While shutdowns disrupted care for all patients with Parkinson disease, hospitals were forced to postpone elective procedures such as the initial DBS device implantation and implantable pulse generator replacements.
COVID-19 PANDEMIC SHUTDOWNS disrupted care for all patients, including those with Parkinson disease (PD) treated with deep brain stimulation (DBS). Hospitals, overwhelmed by COVID-19 cases, postponed elective procedures such as the initial DBS device implantation and implantable pulse generator (IPG) replacements for depleted batteries. DBS is the most widely used surgical treatment for patients with PD, with thousands of implantations done each year in the US.
At Wake Forest School of Medicine in Winston-Salem, North Carolina, investigators carried out the largest survey of DBS practices in North America to better understand the impact of COVID-19 pandemic–related shutdowns on DBS care.1 To understand the results of the survey, it is important to understand the processes involved in a DBS surgery. A new DBS implantation typically involves a multidisciplinary evaluation by a movement disorders neurologist, a neuropsychologist, a functional neurosurgeon, and occasionally a psychiatrist. Besides confirming the medical refractoriness of the PD symptoms, a neurologist also examines a patient both with and without PD medications, also known as an OFF/ON evaluation, to confirm which symptoms respond to levodopa. A neuropsychologist administers standardized tests and conducts an interview to evaluate the patient’s cognitive status and identify any psychiatric red flags for undergoing DBS surgery.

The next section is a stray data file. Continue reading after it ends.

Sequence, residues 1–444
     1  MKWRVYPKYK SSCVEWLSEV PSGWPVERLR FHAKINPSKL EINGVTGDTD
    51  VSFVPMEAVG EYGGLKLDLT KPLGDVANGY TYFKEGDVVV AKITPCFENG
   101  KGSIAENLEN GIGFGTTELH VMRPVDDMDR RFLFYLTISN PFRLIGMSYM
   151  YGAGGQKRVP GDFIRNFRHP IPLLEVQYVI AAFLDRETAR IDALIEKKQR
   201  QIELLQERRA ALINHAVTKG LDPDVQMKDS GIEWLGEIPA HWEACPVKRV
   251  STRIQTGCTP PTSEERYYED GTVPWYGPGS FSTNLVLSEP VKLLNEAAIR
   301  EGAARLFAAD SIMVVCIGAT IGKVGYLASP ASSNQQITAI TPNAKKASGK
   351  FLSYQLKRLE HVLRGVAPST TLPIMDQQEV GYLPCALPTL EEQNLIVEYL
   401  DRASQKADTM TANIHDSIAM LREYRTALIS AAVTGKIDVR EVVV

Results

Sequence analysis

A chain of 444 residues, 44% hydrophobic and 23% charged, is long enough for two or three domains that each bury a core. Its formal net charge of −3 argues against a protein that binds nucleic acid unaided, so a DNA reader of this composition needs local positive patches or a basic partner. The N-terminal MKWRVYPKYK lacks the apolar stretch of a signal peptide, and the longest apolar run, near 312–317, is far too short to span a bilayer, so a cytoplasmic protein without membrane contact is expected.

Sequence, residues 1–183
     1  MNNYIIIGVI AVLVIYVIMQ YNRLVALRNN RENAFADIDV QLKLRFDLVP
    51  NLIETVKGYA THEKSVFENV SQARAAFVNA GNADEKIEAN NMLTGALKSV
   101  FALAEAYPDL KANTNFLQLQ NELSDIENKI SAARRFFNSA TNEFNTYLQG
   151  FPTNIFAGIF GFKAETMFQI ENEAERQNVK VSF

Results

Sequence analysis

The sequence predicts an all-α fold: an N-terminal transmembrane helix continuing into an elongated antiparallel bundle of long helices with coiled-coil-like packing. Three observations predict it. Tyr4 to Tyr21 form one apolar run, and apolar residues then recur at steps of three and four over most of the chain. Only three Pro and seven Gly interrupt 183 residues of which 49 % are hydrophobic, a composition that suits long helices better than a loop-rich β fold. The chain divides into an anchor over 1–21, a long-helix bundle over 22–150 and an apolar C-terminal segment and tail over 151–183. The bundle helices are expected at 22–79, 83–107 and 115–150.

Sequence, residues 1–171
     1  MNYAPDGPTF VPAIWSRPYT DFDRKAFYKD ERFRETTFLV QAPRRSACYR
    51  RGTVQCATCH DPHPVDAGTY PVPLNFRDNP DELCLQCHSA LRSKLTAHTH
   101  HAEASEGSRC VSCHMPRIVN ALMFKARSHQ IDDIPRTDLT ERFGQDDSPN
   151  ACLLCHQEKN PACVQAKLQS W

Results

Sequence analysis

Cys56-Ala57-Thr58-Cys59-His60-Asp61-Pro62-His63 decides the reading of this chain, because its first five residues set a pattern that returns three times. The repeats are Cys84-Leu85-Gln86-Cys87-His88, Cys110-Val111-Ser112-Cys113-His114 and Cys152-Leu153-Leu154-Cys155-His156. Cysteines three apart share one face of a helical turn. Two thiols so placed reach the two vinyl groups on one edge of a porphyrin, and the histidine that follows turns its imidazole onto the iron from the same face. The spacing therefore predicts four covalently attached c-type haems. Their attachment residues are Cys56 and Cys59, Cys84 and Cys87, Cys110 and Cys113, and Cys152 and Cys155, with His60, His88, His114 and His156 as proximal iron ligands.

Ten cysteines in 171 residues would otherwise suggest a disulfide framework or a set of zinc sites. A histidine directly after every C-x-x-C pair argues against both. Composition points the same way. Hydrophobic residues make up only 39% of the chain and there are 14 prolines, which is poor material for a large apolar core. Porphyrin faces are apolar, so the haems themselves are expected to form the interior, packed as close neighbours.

DBS surgery has 2 stages. First, the electrode is implanted in the brain, which usually requires the patient to stay overnight after surgery. The second stage, done a few weeks later as an outpatient procedure under general anesthesia, involves implanting and connecting the IPG in the chest to the implanted electrode. Typically, a postoperative CT scan of the brain is done to confirm the location of the DBS leads before the first programming session. After the surgery, a DBS patient undergoes 3 to 4 visits in the first 6 months to optimize settings and adjust medications. Moving forward, most patients need visits only every 6 months. There are 2 types of IPGs: a primary cell that has to be changed in 3 to 5 years because of battery depletion and a rechargeable cell that has a battery life of more than 15 years.
The Wake Forest survey was conducted during the first pandemic-associated shutdown in May 2020. It was carried out on behalf of the Functional Neurosurgical Working Group, part of the Parkinson Study Group (PSG), the largest organization of PD investigators in North America, with representation from most high-volume DBS centers in the US and Canada. The objective was to understand the impact of the pandemic-associated shutdown on care of DBS patients so that contingency plans could be developed in case of a future shutdown. Twenty-three DBS centers, 19 from the US and 4 from Canada, participated in the survey, and all except 2 were academic tertiary care centers. Participating sites reported that COVID-19 shutdown restrictions were in place from 4 to 16 weeks.